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Cell Biology

Learn the toughest concepts covered in Cell Biology with step-by-step video tutorials and practice problems by world-class tutors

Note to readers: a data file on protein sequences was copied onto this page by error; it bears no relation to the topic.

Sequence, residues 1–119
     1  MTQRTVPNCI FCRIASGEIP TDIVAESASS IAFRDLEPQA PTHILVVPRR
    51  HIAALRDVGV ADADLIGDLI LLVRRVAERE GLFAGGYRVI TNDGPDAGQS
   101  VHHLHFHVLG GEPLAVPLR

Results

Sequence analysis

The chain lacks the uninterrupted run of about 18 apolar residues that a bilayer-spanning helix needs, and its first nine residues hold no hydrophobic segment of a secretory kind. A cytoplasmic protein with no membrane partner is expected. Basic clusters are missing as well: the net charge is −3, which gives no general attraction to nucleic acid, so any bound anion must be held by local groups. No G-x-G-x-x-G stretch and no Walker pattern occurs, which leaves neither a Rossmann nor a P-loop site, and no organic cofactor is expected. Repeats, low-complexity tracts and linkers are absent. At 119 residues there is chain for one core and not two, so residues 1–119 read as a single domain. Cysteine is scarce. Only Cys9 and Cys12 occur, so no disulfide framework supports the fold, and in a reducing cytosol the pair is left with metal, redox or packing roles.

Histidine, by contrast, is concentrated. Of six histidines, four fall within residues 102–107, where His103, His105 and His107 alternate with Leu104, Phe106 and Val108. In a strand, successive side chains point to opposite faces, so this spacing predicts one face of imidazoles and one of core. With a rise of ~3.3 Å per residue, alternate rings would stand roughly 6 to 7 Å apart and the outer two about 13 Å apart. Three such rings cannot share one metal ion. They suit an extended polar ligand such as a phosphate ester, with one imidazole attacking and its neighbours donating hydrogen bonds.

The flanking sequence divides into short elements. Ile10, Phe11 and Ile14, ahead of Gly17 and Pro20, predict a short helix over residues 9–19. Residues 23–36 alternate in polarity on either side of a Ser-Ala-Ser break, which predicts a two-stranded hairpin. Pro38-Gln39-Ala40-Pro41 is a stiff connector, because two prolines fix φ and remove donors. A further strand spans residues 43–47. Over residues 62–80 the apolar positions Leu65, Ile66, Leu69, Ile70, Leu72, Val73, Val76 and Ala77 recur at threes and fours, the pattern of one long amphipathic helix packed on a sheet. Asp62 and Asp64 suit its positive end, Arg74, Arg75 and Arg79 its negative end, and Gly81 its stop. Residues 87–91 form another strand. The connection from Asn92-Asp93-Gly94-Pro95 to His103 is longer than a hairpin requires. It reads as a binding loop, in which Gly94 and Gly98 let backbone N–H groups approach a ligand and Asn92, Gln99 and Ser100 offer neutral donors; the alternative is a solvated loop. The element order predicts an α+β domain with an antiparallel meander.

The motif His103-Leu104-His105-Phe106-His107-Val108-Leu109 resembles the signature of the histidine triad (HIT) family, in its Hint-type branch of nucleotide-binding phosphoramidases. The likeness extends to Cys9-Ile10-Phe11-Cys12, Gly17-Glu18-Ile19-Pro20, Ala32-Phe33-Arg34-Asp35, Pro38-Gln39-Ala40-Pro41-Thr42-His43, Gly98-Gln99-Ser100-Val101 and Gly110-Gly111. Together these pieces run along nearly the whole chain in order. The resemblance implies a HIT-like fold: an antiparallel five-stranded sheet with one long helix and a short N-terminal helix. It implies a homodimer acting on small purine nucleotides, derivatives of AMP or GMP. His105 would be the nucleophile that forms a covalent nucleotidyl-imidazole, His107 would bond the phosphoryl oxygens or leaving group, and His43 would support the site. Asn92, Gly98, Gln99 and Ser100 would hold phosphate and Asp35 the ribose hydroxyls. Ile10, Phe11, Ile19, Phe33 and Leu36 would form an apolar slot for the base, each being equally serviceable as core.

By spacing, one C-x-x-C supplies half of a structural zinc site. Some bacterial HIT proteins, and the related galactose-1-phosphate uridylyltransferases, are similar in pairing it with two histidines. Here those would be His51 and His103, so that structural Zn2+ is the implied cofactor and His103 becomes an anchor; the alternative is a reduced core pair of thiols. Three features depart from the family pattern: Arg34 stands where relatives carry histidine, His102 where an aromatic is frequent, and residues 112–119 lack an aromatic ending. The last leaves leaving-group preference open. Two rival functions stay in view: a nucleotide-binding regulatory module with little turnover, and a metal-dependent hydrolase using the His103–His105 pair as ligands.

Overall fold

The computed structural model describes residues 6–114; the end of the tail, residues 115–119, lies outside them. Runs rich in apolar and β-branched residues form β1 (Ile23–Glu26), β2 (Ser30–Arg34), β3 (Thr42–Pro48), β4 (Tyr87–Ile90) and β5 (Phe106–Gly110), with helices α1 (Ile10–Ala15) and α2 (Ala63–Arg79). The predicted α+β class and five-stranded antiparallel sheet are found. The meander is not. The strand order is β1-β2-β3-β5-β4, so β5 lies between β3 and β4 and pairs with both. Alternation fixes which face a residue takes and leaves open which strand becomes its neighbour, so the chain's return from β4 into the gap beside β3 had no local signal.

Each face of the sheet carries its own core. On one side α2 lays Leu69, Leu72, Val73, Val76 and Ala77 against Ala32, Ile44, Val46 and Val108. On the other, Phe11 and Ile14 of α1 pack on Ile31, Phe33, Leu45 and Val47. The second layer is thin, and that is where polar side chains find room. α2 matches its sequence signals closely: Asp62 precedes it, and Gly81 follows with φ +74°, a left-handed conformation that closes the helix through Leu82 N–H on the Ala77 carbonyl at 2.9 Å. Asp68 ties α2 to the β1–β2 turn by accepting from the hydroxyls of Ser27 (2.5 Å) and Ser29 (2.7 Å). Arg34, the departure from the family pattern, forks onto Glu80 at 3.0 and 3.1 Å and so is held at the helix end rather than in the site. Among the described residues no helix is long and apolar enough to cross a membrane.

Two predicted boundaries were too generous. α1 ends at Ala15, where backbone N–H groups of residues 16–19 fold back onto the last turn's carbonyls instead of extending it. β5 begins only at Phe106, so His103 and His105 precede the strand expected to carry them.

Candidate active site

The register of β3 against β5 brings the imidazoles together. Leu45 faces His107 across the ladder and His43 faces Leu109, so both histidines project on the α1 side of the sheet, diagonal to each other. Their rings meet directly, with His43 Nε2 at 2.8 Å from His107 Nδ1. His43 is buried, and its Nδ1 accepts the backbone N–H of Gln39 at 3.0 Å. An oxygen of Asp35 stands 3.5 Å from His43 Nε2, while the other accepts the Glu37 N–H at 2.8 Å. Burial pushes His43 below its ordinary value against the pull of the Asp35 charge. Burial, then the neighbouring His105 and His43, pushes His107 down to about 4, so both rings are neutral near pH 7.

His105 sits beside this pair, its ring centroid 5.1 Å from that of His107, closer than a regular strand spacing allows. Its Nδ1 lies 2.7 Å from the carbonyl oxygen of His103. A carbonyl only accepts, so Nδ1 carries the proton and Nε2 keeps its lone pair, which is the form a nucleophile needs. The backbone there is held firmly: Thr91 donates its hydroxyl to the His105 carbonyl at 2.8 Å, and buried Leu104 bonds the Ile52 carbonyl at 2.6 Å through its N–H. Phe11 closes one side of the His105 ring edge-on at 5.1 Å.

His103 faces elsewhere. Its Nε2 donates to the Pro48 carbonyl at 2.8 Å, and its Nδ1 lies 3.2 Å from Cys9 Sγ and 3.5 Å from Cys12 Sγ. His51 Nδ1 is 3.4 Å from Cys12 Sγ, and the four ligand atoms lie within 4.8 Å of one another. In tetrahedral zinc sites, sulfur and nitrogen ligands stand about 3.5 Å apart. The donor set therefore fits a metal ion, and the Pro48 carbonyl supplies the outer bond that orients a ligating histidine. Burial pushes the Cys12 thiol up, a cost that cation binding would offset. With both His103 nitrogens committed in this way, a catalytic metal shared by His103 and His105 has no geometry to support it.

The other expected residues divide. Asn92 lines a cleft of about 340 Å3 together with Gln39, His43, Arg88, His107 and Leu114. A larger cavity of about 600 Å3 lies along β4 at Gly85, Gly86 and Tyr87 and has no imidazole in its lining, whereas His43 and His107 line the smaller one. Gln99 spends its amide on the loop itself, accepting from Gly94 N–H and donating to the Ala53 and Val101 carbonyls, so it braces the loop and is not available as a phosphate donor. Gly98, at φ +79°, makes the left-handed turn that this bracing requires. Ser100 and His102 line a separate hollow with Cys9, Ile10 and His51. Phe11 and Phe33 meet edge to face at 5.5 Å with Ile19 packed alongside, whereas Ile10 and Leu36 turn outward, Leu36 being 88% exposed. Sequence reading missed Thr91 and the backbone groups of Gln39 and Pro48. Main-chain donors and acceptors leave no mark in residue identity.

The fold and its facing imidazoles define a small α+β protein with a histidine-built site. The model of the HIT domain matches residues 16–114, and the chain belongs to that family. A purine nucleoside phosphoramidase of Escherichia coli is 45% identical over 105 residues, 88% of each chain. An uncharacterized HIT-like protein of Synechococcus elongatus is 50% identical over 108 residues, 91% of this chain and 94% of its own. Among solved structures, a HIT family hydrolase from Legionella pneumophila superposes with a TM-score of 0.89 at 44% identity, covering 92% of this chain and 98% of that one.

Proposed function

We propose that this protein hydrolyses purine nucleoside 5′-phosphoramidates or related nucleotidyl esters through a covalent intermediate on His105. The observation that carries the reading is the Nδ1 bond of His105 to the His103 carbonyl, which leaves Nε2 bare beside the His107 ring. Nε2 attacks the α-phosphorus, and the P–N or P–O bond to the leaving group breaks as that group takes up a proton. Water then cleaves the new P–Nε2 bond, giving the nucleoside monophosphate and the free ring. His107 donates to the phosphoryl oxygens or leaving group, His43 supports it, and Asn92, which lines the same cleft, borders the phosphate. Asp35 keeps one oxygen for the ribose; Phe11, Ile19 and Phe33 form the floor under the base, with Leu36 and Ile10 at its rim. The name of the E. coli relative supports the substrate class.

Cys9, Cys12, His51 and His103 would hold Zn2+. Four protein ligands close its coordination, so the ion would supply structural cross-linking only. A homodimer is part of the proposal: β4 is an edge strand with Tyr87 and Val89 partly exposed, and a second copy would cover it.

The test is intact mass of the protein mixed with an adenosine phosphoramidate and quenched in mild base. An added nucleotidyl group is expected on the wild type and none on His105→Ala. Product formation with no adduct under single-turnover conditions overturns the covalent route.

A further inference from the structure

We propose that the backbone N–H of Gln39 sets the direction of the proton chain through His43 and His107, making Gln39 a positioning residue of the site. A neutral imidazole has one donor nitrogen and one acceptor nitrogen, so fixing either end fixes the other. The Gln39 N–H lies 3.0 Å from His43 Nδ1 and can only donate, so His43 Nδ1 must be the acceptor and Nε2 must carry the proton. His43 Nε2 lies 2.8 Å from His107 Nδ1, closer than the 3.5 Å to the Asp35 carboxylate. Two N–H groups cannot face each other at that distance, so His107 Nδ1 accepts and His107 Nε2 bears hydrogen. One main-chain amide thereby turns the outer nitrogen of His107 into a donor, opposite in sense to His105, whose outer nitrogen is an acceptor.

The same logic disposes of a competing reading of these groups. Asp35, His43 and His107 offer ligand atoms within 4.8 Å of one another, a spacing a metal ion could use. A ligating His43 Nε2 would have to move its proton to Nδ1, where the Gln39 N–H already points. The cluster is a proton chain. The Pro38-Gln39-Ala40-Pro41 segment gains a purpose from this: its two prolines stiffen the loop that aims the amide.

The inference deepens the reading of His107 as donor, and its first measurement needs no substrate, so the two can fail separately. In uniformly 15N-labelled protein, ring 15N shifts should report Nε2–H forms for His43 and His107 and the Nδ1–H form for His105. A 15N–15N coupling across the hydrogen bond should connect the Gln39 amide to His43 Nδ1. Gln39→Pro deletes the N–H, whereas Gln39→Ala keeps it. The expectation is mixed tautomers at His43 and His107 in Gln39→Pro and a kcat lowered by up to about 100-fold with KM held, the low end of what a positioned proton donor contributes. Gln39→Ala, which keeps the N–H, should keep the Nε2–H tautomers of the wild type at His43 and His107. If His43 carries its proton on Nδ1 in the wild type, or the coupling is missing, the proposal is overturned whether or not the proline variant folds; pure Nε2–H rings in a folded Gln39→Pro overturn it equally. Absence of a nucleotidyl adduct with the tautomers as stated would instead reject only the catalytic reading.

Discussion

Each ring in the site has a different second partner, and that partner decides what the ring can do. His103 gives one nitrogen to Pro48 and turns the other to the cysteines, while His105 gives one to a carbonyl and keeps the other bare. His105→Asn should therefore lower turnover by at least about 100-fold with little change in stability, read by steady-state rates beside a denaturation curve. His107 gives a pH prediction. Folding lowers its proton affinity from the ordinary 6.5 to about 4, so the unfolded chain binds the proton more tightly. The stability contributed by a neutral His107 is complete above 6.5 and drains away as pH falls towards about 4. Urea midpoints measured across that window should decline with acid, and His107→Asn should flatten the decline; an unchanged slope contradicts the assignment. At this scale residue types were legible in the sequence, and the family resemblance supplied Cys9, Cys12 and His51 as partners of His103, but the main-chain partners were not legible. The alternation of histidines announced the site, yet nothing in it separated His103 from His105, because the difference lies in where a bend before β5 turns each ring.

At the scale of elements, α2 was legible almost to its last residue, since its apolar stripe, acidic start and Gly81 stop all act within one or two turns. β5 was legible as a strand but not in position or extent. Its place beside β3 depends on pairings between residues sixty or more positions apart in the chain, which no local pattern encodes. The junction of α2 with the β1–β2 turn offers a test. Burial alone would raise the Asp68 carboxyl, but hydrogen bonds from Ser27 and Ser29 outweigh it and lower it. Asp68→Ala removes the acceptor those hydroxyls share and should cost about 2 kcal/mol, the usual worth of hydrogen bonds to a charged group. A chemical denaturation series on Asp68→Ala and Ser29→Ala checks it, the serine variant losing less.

22. Techniques in Cell Biology

Cell Culture


Cell Culture